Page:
NEW YORK ( TheStreet) -- Cree ( CREE) is leading the LED lighting sector down on Wednesday after revealing that an inventory backlog is taking longer to work through than the company expected while at the same time pricing has deteriorated.

The trends forced Cree to revise its previous quarterly top line and gross margin guidance lower.

Cree now expects third-quarter fiscal 2011 revenue of $215 million to $220 million, versus a previous guidance range of $245 million to $265 million. Gross margin guidance was lowered to 43% from 46%.

Cree shares hit a new 52-week low on Wednesday, down 10% and below the $44 mark. Cree's trading volume already had surpassed its average daily volume of 3.4 million shares within an hour of the market open.

The weak market outlook from Cree has been a risk for investors since its last earnings report. Cree first reported the inventory glut during its last quarterly earnings, and at that time analysts covering Cree said timing an inventory work-through isn't a perfect science. There was always the chance that the inventory glut would last longer than Cree predicted. In addition, an inventory glut can put pressure on pricing in the market, as companies move to unload inventory at ever-lower prices.

Cree reported on Wednesday that its LED component business and LED chip business were both facing pricing declines and weaker demand.

Cree remained optimistic in its commentary about the Chinese street lamp market, a key growth driver upon which short-term bullish Cree models have been predicated.

"The LED components business appears to be turning the corner," Chuck Swoboda, Cree CEO, stated in a press release. "Despite the challenges we faced in Q3, distributor sell-through has improved and we target solid growth next quarter."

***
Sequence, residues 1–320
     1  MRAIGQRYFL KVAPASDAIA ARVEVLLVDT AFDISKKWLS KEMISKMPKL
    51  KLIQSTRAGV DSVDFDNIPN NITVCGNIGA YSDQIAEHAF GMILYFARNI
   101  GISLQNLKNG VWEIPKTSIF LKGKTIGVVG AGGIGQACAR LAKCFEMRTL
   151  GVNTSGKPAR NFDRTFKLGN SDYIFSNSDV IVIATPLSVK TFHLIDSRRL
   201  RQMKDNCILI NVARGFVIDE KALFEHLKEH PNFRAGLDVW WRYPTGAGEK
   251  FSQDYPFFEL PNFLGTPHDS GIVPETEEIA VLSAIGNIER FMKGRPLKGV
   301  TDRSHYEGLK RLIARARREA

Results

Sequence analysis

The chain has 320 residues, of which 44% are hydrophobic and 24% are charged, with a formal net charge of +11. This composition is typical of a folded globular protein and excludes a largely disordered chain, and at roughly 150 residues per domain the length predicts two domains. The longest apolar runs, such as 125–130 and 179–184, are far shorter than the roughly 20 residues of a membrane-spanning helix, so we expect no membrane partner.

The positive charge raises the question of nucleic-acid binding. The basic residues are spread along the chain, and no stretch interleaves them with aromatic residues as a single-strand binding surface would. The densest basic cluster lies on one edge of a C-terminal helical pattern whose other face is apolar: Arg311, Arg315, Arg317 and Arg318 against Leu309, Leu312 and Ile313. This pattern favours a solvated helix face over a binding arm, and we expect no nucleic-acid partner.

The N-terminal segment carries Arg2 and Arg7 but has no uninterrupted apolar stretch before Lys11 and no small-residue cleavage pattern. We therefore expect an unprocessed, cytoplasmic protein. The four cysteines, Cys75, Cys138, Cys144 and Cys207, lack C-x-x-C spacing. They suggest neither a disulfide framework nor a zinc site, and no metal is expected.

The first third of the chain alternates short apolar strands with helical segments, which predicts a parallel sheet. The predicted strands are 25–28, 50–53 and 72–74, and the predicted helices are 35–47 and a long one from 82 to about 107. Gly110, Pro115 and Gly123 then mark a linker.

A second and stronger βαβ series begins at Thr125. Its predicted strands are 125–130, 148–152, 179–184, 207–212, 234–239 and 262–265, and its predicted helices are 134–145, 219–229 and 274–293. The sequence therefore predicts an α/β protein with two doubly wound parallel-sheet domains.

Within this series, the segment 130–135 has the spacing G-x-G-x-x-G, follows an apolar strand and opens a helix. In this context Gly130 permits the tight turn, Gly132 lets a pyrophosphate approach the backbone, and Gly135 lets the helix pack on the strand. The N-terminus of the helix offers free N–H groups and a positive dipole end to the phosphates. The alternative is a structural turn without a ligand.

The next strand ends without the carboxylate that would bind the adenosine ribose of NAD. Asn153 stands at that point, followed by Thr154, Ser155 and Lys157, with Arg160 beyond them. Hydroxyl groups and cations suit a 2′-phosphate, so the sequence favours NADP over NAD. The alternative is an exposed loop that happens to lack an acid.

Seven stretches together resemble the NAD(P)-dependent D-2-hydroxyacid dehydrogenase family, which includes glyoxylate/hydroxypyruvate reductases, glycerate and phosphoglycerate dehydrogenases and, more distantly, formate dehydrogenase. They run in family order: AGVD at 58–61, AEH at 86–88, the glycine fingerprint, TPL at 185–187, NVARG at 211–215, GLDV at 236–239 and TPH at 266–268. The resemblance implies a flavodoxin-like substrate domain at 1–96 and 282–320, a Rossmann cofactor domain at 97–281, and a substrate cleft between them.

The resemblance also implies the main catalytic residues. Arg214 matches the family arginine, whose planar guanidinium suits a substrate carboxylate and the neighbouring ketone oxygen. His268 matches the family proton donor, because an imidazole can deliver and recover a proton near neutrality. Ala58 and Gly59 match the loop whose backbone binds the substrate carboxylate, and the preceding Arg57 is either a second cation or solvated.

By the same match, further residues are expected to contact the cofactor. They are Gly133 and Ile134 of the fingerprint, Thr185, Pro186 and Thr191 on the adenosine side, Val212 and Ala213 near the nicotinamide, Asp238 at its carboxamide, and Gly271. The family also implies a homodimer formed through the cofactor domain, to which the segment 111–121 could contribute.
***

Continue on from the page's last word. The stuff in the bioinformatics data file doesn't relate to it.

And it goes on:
Investors in the LED space, though, aren't always patient. Cree bears have long maintained that the LED market will rapidly commoditize, and Cree doesn't deserve a premium valuation as an onslaught of low-cost Asian LED supply comes online and as China seeks to keep more of its domestic business, including street lamps, for the rapidly growing ranks of domestic LED players.

While there were bearish headlines on Wednesday morning announcing the "death" of Cree's LED lighting market, short-term gluts in high-growth sectors like LEDs can't necessarily be assumed to represent long-term commoditization of a market. Even Cree bears have maintained that the short-term inventory glut is a separate issue from the longer-term threat to Cree of pricing and margin erosion as the LED market becomes saturated with low-cost vendors narrowing the gap between their LED operations and Cree's existing technology premium.

LED stocks typically trade as a basket on sector sentiment, and the core LED stocks were all down on Wednesday, though losses were not in line with the Cree declines. The LED equipment vendors, Veeco Instruments ( VECO) and Aixtron ( AIXG), were down between 3% and 4% on Wednesday. LED sector experts often make the case that the LED equipment vendors should not trade in a basket with Cree as the cycle of equipment buying among LED manufacturers isn't aligned with the sales pressures faced by Cree in the LED component market.

Likewise, Rubicon Technology ( RBCN), which produces the sapphire substrate that serves as a core material for LED manufacturing, was down between 3% and 4%, even though its position in the LED supply chain is also distinct.

SemiLEDs ( LEDS), a recent Chinese IPO and direct competitor to Cree, which has fallen close to 50% this year, was also down between 3% and 4% Wednesday. SemiLEDs provided a weak earnings report for its last quarter.

-- Written by Eric Rosenbaum from New York.

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